Here are some learning experiences and activities that I have either used in the past, have wanted to use, or have recently discovered and found to be conducive to the standard:
  1. Animal Cracker Association: Sometimes during snacktime, I give the children animal crackers to eat. These crackers are made in the shape of easily-recognizable animals, with their names printed in all-uppercase letters. When I sit with the children at snacktime, we talk about what animals they are eating, and how their names are spelled and sounded out. This is a repetitive exercise that can be done during downtime every day to increase proficiency.
  2. Writing a Letter to a Friend: In order to combine writing with sound-letter association, I will encourage the children to write thank you cards to the public speakers who visit our school, using paper and a pencil. While the students write the English words they would like to use, I will talk to them and help them sound out the words so they recognize that what they want to say can be written down as prose on a piece of paper.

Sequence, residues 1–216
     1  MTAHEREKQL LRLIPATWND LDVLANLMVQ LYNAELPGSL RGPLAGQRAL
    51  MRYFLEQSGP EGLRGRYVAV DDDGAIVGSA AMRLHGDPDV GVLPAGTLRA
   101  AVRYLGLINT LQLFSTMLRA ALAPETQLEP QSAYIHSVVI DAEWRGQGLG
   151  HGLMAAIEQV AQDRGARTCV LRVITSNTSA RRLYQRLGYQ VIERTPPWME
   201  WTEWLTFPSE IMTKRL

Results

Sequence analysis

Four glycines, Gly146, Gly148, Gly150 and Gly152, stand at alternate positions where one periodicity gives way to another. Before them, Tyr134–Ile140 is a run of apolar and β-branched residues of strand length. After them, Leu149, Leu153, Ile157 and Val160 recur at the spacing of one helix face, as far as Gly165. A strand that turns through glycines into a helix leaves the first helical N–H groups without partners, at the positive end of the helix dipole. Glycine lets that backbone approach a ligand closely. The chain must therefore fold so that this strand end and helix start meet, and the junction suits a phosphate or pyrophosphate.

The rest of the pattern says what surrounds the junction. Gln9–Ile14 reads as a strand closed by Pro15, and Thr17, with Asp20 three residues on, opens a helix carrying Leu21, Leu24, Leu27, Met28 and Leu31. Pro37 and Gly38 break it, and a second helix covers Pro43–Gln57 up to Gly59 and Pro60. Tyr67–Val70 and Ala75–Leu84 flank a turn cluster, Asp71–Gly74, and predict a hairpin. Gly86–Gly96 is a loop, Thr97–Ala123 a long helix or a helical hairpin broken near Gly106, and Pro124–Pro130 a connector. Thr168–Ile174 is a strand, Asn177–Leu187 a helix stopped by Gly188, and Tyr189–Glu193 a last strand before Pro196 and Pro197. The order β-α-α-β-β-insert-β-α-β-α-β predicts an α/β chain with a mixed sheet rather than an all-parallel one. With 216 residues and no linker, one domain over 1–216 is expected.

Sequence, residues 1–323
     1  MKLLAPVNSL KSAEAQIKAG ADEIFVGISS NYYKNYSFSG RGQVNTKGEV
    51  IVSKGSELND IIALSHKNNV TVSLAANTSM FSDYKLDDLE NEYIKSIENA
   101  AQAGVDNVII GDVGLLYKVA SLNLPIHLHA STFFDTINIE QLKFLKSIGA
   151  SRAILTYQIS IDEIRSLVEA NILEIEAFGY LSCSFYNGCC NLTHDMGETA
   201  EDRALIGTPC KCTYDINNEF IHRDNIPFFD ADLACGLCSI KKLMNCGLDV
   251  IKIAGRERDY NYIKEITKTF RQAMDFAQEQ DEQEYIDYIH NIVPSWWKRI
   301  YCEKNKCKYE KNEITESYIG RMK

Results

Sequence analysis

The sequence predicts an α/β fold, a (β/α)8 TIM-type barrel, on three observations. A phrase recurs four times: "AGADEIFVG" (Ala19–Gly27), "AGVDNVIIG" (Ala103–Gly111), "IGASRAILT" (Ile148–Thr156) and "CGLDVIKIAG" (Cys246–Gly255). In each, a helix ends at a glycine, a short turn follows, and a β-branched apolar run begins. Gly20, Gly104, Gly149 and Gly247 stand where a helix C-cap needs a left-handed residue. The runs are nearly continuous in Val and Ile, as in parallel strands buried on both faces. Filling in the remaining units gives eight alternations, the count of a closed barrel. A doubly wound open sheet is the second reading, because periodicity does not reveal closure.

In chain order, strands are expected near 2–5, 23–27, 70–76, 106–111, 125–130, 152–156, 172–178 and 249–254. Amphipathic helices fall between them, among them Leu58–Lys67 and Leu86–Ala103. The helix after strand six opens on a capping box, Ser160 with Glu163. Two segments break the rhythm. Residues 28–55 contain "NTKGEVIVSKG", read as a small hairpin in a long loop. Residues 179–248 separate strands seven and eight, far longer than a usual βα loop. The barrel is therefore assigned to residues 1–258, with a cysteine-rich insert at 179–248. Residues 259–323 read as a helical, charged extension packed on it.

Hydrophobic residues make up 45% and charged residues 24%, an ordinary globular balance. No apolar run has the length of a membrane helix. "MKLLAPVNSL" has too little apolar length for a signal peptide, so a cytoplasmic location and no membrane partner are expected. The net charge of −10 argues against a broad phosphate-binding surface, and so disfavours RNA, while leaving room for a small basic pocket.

3. Poetry in Motion: This is a game I've played with the children before. I show them a picture and then make up a short poem about that picture using simple English they have heard before. Then we review the poem and the children try to identify the words in the poem, either through careful listening or sounding them out. Then we write the words on the board, and read the poem aloud. When the poems are about things the children find interesting, they are more likely to participate with vigor. Poems about animals and their friends are popular.
  4. Reading Proficiency: Reading a book with a child, I'll point to the featured letter as I speak it. "Here is the letter T. What sound does it make? That's right! It makes a /t/ sound. What do you see on this page that starts with the /t/ sound?" This is also a good activity if the kids are making books or posters, because they can look for words or images that start with each letter of the alphabet and sound them out when they find them. 
For children growing up in countries where English is not the primary spoken language, this can be a long and difficult process. Here in Japan, there is almost no benefit to using English outside of the classroom, so the only exposure the children will get is the three hours they spend here. That is why it is essential that the teacher speak only English, and that the process is a slow and steady one. Once the children become accustomed to speaking and listening to English, the rest should follow.

Monday, 5 September 2016

Unpacking Standards

Click on the link to check out my slideshow about unpacking standards for preschool literacy... it's a slideshow using a program called 'emaze.'